For the first time ever, the National Endowment of the Arts took an in-depth look at the field of Industrial Design and yesterday released their report Valuing the Art of Industrial Design: A Profile of the Sector and Its Importance to Manufacturing, Technology, and Innovation. The results? Not surprisingly, being an industrial designer is pretty much just as cool as being a rock star.
Industrial Design Then and Now
“Industrial designers play a significant role in today’s innovation economy, and they bring a creative lens to approach complex problems or challenges…We hope this report provokes more discussion about how art works in the U.S. economy.”
-NEA Senior Deputy Chairman Joan Shigekawa
Ask any industrial designer who is a part of their industry and they’ll start listing off a myriad of spin-off categories of design: shoe design, transportation design, jewelry design, softgood design, interaction design, kinetic design, etc. Fortunately, Valuing the Art of Industrial Design took an expanded view of the field and defined industrial design as a field that “uses design thinking to design user experiences and systems and processes”.
Using fresh 2012 statistics (and prior) from the U.S. Bureau of Labor Statistics, the U.S. Census Bureau, and the United States Patent and Trademark Office to back their research into the field of Industrial Design, the 55-page report covers everything from which sectors are hiring, where industrial designers work, what they make, what their firms make, which states have the most patents, and other current statistics that every industrial designer should know.
Be sure to head over to the NEA’s site to read the full 55-page PDF. In the meantime, here’s some interesting statistics:
- There are more than 40,000 industrial designers in the United States.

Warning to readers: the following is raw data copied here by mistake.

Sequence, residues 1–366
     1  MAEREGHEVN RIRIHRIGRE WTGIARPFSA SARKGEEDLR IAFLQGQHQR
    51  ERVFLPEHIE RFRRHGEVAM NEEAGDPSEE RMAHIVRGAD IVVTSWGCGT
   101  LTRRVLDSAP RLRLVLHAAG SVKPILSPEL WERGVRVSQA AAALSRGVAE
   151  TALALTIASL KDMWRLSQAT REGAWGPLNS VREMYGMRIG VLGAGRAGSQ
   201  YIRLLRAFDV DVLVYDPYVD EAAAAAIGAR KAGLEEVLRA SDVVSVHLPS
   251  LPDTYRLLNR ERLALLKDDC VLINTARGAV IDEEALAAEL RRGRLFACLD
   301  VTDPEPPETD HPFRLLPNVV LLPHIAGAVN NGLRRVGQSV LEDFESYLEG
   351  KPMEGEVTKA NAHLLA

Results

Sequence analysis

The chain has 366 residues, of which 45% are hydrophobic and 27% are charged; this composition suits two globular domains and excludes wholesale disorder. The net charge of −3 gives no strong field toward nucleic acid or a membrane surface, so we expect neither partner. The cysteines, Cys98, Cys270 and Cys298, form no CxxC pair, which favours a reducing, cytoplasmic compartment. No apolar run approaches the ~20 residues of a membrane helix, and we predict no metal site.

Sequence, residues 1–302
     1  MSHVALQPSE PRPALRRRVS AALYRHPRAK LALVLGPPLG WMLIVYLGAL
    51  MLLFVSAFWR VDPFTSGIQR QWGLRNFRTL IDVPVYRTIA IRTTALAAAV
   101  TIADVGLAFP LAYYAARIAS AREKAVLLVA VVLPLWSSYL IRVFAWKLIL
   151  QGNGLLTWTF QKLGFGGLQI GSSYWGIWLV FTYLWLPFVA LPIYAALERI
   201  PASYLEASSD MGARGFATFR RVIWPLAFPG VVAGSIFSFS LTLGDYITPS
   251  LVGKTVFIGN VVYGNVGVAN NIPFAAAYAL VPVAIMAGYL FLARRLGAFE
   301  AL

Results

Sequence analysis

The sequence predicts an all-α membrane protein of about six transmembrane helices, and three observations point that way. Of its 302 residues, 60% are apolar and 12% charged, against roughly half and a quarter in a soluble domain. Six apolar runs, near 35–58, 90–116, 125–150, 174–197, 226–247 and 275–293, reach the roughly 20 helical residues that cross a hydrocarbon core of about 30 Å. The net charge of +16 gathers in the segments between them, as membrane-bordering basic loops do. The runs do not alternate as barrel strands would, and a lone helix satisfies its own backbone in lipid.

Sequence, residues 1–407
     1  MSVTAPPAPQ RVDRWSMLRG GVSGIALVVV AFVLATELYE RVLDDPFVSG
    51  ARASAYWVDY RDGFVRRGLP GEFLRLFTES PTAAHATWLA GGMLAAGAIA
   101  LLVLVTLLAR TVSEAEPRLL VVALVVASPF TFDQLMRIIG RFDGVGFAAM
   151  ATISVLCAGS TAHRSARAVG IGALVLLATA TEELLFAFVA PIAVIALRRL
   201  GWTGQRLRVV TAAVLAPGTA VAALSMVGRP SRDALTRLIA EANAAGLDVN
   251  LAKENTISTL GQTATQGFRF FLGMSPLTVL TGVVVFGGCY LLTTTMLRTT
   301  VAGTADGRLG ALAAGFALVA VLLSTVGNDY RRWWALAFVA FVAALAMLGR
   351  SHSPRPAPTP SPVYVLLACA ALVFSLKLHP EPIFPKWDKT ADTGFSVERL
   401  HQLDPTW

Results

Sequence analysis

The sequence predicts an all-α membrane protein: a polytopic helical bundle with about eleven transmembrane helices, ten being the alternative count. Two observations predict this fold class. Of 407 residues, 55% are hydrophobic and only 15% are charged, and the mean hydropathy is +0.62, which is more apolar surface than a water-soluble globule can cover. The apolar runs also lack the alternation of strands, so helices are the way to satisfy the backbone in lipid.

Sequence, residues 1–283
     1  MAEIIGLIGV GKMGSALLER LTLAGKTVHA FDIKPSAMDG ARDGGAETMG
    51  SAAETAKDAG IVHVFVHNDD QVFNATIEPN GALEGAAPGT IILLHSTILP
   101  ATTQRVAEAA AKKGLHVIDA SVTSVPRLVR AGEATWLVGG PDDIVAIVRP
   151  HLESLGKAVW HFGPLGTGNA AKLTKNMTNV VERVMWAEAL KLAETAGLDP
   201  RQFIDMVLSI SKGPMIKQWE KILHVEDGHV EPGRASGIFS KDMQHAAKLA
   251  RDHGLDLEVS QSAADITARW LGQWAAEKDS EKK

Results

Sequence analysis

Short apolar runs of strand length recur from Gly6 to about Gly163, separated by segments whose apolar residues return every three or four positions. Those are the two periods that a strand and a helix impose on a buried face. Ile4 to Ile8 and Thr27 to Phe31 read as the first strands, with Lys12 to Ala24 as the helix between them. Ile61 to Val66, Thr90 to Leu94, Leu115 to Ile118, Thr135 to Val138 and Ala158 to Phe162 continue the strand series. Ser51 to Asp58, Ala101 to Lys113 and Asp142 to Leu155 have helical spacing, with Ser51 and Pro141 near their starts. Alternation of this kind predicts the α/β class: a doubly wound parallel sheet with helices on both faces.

- Thirty percent, or approximately 12,000 industrial designers, are
- Among salaried workers, industrial designers number less than graphic
designers (191,440), merchandise-display designers (73,490), floral
designers (47,110), and interior designers (40,750)—but they earn more
than most design workers.
- Most salaried industrial designers fall into one of two sectors:
manufacturing (11,730 workers) or professional, scientific, and technical
services (7,570 workers).
- Michigan, Rhode Island, Wisconsin, Indiana, and Pennsylvania are the
top five states by percentage of industrial designers in the workforce.
- Industrial designers in Michigan earn an average salary of $69,870 a
year, or $10,000 more than the national average for this occupation.
Industrial designers in Silicon Valley are also among the nation’s best-paid
- Over the next several years, a growing number of industrial designers
will find work in the professional services sector (e.g., engineering firms
and specialized design firms).
- Roughly 14 percent (218) of all industrial design firms earned about $113
million by exporting their services. The sales accounted for roughly onefourth of these firms’ total revenue ($468 million).
- Rhode Island, Oregon, Michigan, New York, and California rank in the top
five states by per-capita concentration of industrial design firms.
- The number of U.S.-awarded design patents per 100,000 population
is at an all-time high: seven in 2012, compared with one at the turn of the
- Between 1998 and 2012, the U.S. Patent and Trademark Office
awarded 165,108 design patents (12,445 in 2012 alone) to U.S. companies
- Manufacturing is projected to remain the largest employer of
industrial designers, despite a gradual reduction in the number of workers
employed in this sector.